The RAM and ROM are internal computer storage hardware. The RAM saves temporary files automatically while the ROM receives and backs up data permanently into the computer memory. Then, there is the CD and DVD drive that stores binary files and videos, and Flash Disk, a portable storage device that stores files, videos, music, and images on flash memory.
On the other hand, we have Cloud Storage and Online Backup, which are software-driven storage options. These types of storage do not depend on the underlying hardware devices. They consist of a group of servers that provide a platform to store large volumes of data.
Just like external hardware devices, online storage saves your computer storage space. These backup applications secure data, making it retrievable in the event the hardware storage device is lost or destroyed.
The key difference here is that data stored on software-based alternatives, such as the cloud, is more accessible, unlike physical storage devices that need to be connected to a computer to retrieve information.
Computer upgrading involves replacing hardware or software with an improved or newer copy of the same version. Hardware upgrades involve replacing or adding additional equipment to improve a computer’s performance and capacity. For instance, getting a Solid-State Drive to replace a hard drive will boost a computer’s performance.
Installing more Random Access Memory will provide additional storage and faster data retrieval. Also, the GPU can be upgraded by being replaced with one that has better graphics processing capacity.
Software, on the other hand, undergoes upgrading to match technological advancements. An advanced version of a current program will improve the computer’s functionality and, in some cases, solve security issues.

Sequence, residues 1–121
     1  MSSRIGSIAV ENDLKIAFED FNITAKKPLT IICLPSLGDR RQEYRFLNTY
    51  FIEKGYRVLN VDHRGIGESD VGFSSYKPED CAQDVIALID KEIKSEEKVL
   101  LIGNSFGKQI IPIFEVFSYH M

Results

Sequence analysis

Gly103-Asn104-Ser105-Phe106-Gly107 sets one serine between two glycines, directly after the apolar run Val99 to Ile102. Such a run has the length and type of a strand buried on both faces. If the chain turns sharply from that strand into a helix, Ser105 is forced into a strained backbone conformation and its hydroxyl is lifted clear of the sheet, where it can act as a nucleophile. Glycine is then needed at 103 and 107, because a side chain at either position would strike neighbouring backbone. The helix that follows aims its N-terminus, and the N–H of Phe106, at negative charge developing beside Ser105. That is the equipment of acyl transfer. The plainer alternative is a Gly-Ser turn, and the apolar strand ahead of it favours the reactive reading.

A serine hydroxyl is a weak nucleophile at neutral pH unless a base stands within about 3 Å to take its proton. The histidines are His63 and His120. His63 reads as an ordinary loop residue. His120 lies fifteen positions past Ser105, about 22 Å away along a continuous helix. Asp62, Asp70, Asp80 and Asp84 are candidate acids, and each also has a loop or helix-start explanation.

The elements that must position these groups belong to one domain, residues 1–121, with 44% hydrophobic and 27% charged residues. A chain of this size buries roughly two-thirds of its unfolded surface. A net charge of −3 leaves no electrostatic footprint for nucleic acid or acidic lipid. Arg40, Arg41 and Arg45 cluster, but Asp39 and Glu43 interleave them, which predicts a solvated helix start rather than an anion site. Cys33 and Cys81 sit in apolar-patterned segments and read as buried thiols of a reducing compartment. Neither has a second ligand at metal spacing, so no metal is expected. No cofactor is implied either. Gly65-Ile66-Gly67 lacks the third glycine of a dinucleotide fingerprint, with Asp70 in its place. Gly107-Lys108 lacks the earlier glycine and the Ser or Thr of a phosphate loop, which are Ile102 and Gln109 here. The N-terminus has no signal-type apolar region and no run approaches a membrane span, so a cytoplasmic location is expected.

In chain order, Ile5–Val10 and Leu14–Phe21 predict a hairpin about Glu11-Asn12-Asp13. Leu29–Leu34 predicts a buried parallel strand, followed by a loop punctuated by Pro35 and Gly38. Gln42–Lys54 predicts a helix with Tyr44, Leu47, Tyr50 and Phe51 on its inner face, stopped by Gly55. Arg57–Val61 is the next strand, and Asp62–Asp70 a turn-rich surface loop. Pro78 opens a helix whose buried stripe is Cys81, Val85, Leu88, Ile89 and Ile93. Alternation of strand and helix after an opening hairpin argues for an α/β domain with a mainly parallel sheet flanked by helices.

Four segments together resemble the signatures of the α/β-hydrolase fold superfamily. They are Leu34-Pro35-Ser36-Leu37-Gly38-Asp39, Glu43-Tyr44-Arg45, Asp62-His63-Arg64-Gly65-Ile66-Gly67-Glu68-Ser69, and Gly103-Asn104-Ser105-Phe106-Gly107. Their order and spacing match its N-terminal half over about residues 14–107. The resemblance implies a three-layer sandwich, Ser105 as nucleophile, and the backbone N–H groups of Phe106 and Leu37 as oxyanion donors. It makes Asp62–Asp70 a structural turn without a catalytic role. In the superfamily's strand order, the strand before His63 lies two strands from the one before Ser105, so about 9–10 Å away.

Often, upgrading one program will lead to the need to upgrade the other, but the hardware limitations often determine the possible level of the software upgrade. Thus, hardware and software upgrading should be continuous. Moreover, it requires the use of legit programs and electronic devices.
Firewalls are a combination of hardware devices and software tools that protect networks and computer systems against unauthorized access. They block threats and provide virus protection to a computer system.
Hardware Firewalls use wires and servers to safeguard files and data. They are flexible and can be tailored to match traffic needs. Also, they do not use the computer’s storage.
Software firewalls review the data entering and leaving a computer system to ensure it is safe. The program blocks corrupted and malicious data. Also, it can be tailored to meet the user’s demands, as well as control traffic. However, it occupies a reasonable space on a computer.
Hardware devices are prone to physical damage due to their nature. However, the damaged devices will require replacement or repair for continuous computer functioning.
Conversely, computer software is safe from physical damage but is prone to viruses, malware, and ransomware. Generally, the software level of any computer system is usually its most vulnerable link. Thus, constant upgrades and avoiding the installation of pirated software are some ways to prevent such vulnerabilities.
Software vs. Hardware: 5 Must-Know Facts
- Despite their differences, hardware and software need each other.
- There is a need to recycle obsolete parts of computer hardware.
- Licenses and patent protection are necessary when upgrading the software.
- Software is flexible and allows modification.
- Hardware tools are prone to wearing out, but software usually needs an upgrade.
Software vs. Hardware: Which One Is Better? Which One Should You Use?
Hardware and software are inextricably related. However, your decision on the software or hardware to use will be influenced by your intended purpose, personal preference, technical know-how level, and budget. As a rule, always get the hardware equipment and software that supports your business growth or, if for personal use, will be suitable for usage two to four years later.
Opt for programs and hardware equipment from a reputable vendor with a local technical support team if possible. Ensure they offer after-sales services such as free installation and update services.
In summary, know why you need the computer equipment and applications before shopping. List the leading hardware and software dealers in your locality. For online trading, focus on the software developers and hardware suppliers with credible reviews.
When purchasing, feel free to bring along a techie friend to help you identify the best solutions for your needs. Remember, both software and hardware must come with the necessary warranties.